Conway, R(on the application of) v The Secretary of State for Justice EWCA Civ 275
The Court of Appeal has overturned the refusal of the Divisional Court to allow a motor neurone disease sufferer to challenge section (1) of the Suicide Act. He may now proceed to seek a declaration under section 4(2) of the Human Rights Act 1998 that the ban on assisted dying is incompatible with the European Convention on Human Rights. The background to this appeal can be found in my post on the decision from the court below, which focussed on the vigorous dissent by Charles J.
Briefly, Mr Conway wishes to enlist the assistance of a medical profession to bring about his death in a peaceful and dignified way at a time while he retains the capacity to make the decision. His family respect his decision and choices and wish to support him in every way they can, but his wife states she would be extremely concerned about travelling to Switzerland with Mr Conway so he can receive assistance from Dignitas.
The main argument in support of the permission to appeal was that it was self-evident from the division of opinion in the Divisional Court that there would be a realistic prospect of success. Mr Conway’s legal team also argued that the issues raised about Mr Conway and those in a similar position to him were of general public importance and that this was a compelling reason for the appeal to be heard. Continue reading
R (o.t.a A.M) v. General Medical Council  EWHC 2096 (Admin) Read the full judgment here
The High Court has rejected the argument made by “Martin”, a man with locked-in syndrome who is profoundly disabled and wishes to end his own life. This comes shortly after Strasbourg’s rejection of the Nicklinson and Lamb cases, for which see my post here.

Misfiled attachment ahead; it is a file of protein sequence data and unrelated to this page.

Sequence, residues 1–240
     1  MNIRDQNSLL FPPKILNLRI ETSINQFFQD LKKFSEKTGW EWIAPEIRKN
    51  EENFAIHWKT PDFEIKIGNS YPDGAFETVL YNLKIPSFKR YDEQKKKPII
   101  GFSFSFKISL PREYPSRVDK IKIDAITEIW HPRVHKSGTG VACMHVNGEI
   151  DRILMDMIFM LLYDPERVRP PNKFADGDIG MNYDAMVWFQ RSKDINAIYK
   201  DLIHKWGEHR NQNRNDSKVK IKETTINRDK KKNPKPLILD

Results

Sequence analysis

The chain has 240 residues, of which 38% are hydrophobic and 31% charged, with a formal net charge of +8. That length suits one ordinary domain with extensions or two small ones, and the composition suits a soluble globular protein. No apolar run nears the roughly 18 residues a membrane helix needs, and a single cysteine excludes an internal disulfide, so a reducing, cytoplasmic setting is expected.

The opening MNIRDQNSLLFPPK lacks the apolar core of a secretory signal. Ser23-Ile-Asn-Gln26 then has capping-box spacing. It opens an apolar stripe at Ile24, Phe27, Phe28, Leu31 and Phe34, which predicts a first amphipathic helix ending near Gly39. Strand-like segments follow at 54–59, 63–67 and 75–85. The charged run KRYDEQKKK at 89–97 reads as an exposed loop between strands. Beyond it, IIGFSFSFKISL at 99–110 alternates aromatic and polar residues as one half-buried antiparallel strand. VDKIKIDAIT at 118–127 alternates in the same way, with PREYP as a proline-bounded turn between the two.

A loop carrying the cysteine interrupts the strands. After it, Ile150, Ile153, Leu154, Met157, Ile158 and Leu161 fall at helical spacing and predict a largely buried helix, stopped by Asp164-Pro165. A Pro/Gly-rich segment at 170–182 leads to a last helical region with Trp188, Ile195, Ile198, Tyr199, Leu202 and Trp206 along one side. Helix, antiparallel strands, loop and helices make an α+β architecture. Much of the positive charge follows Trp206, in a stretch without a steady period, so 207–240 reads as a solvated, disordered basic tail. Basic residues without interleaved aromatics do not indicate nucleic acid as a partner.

Philip Havers QC, of 1COR, acted for Martin, and has played no part in the writing of this post.
Martin would like to travel to a Swiss clinic to end his life, but wishes to obtain a medical report, from a doctor, to assist. He would also like to take medical advice on methods of suicide.
There is no dispute that a doctor advising him in this way will likely break the law, by committing the crime of assisting suicide. However, Martin argued that in practice, the Director of Public Prosecutions (DPP) has relaxed guidelines on when it is in the public interest to bring a prosecution against a doctor in these circumstances.
The European Court of Human Rights has ruled that the applications to the ECtHR in Nicklinson and Lamb v UK, cases concerning assisted suicide and voluntary euthanasia, are inadmissible.
This is the latest development in a long running series of decisions concerning various challenges to the UK’s law and prosecutorial guidelines on assisted suicide and voluntary euthanasia. You can read the press release here and the full decision here. Continue reading